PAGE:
If you live in California, you probably know how aggressive California’s state tax agency can be. In fact, even if you live somewhere else, you might have heard of the Golden State’s aggressive tax rules. Buy a vacation home in California, and stay a little too long? Come into the state and do some work for your non-California employer? Travel to California trying to sell some products or collect data that you’ll use out of state when you get back home?
Any of these things and many others can tweak pique the interest of California’s tax collection agency, the state’s Franchise Tax Board. In fact, it can feel like just about any connection to California can be enough to at least raise tax issues. Of course, being a California resident and then moving away has its own set of tax issues. The thought of leaving California over taxes is nothing new. California's tough Franchise Tax Board (FTB) polices the line between residents and non-residents, and does so rigorously. If you leave, California is likely to probe how and when you stopped being a resident. For that reason, even if you think your facts are not controversial, be careful. California is known to chase people who leave, and to disagree about whether they really are non-residents. After all, California's 13.3% tax on capital gains inspires plenty of tax moves.
Even where California agrees that you moved, they might not agree when you moved. Say you move from California to Texas and then sell your appreciated stock or bitcoin. California might agree that you moved, but might say you didn’t actually establish residency in Texas and depart California for tax purposes until several months later. That might be enough to make all your sales California source income. It can make you wonder whether California will ‘let’ you move states! Some people seek to avoid California taxes with trusts.
The state’s Franchise Tax Board is the state income tax collector, and it has a fearsome reputation. Most tax lawyers will tell you that they would much rather fight the IRS than California’s FTB any day of the week. Savvy taxpayers know this too. You can skate for much longer with IRS problems, and you can more easily defeat or compromise IRS bills. But can you truly be outside of California and still face California taxes? A recent decision says you can.
Check out California Office of Tax Appeals decision In the Matter of Blair S. Bindley, OTA Case No. 18032402 (May 30, 2019). There, a nonresident sole proprietor performed all of his services outside of California. However, some of his customers were located in California. Is that enough for the poor guy to attract California tax liability? The California taxing authorities said he was operating a "unitary" business. Therefore, his tiny business was subject to California's apportionment rules. The state’s Office of Tax Appeals said this case has precedential effect, so it is clear the Golden State can go after other non-Californians too.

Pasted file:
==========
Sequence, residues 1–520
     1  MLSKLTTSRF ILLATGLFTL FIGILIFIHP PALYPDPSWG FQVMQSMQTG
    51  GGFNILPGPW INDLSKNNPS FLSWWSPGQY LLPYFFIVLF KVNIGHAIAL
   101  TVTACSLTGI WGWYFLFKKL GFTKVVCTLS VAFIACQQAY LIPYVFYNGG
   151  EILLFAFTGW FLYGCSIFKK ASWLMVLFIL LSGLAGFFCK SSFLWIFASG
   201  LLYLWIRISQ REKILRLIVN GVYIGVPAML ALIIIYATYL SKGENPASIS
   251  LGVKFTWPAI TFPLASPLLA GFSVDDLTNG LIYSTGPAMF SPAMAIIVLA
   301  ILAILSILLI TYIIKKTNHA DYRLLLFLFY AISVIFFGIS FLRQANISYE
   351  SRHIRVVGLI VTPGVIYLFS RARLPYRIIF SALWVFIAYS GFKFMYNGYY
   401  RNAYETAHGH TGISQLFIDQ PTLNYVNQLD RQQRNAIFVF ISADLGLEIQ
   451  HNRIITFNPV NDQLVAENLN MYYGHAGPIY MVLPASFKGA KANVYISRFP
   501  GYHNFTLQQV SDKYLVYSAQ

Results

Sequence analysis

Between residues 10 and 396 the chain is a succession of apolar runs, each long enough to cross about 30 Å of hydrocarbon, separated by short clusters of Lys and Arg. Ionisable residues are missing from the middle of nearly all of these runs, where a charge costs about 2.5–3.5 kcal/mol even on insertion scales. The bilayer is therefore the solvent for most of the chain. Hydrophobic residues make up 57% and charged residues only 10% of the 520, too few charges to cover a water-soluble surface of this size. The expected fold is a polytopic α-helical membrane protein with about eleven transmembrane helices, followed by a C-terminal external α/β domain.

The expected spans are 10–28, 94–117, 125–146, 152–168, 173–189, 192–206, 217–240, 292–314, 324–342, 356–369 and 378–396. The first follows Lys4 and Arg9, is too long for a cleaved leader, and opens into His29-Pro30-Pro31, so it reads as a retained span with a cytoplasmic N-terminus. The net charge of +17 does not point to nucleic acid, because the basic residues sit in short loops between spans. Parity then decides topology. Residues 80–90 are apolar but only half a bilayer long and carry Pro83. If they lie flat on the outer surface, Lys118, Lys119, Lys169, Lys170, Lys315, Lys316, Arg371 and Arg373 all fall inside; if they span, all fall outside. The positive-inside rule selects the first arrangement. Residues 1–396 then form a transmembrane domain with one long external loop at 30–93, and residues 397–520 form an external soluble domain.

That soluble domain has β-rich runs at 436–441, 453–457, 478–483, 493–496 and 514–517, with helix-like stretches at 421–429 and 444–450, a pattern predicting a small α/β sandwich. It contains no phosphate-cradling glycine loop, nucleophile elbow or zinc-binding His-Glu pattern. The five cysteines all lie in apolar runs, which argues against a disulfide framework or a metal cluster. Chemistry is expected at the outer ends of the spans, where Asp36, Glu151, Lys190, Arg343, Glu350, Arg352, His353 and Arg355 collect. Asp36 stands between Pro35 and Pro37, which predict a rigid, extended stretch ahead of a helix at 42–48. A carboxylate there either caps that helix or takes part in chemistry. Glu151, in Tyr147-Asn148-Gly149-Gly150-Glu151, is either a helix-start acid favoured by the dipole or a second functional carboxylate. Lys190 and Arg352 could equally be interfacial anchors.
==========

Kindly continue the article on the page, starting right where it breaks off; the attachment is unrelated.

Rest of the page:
Exactly what was poor Mr. Bindley’s tax offense in California? He is a self-employed screenplay writer living in Arizona. He performed services for a few companies headquartered and registered in California. The California Franchise Tax Board matched income records showing that he collected $40,000 of income from California companies. Not surprisingly, Bindley did not file a California tax return. That meant California’s statute of limitations would never start to run. That itself is a useful lesson. The statute of limitations is a reason that many non-residents of California file a return to report a small amount of California source income.
In Bindley’s case, the state noted that whether a nonresident is subject to California's rules for apportioning income depends on : (1) whether the taxpayer is carrying on a trade or business within California, outside of California, or a combination thereof; (2) the type of entity conducting the business; and (3) whether the business is unitary. California ruled that Bindley’s screenwriting business was carried on inside and outside of California. He worked as a proprietor, and basically did the same kind of work for non-California and for California companies. That’s a useful lesson too. What exactly is unitary anyway?
California’s tough tax regulations only describe what is not a unitary business. California says that a business is not unitary where the part within the state is so separate and distinct from (and unconnected to) the part outside the state that the businesses are not a unitary business. Here, the Golden State said that this screenwriter ran a unitary operation. After all, the part conducted inside California and the part conducted outside the state were not separate and distinct so as to be separate businesses.
If your business is unitary, the income derived from services is sourced to the place where the benefit of the service is received. To determine the place where the benefit of the service is received, California law provides rules looking first to the contract. If the contract does not specify the location where the benefit is received, then California or the taxpayer can try to approximate the location where the benefit is received. For the companies located in California that paid the screenwriter, California said it was reasonable to conclude that the companies received the benefit of the services in California.
Does this screenwriter’s unfortunate tax flap mean other little business that happen to sell into in California could be fact tax troubles? Yes, it sure seems that way. California can now push even on sole proprietors who might have California customers. They might have to file California returns and pay California taxes. This is so even if all the services are performed outside of California, and even if the sole proprietor has no connection to California.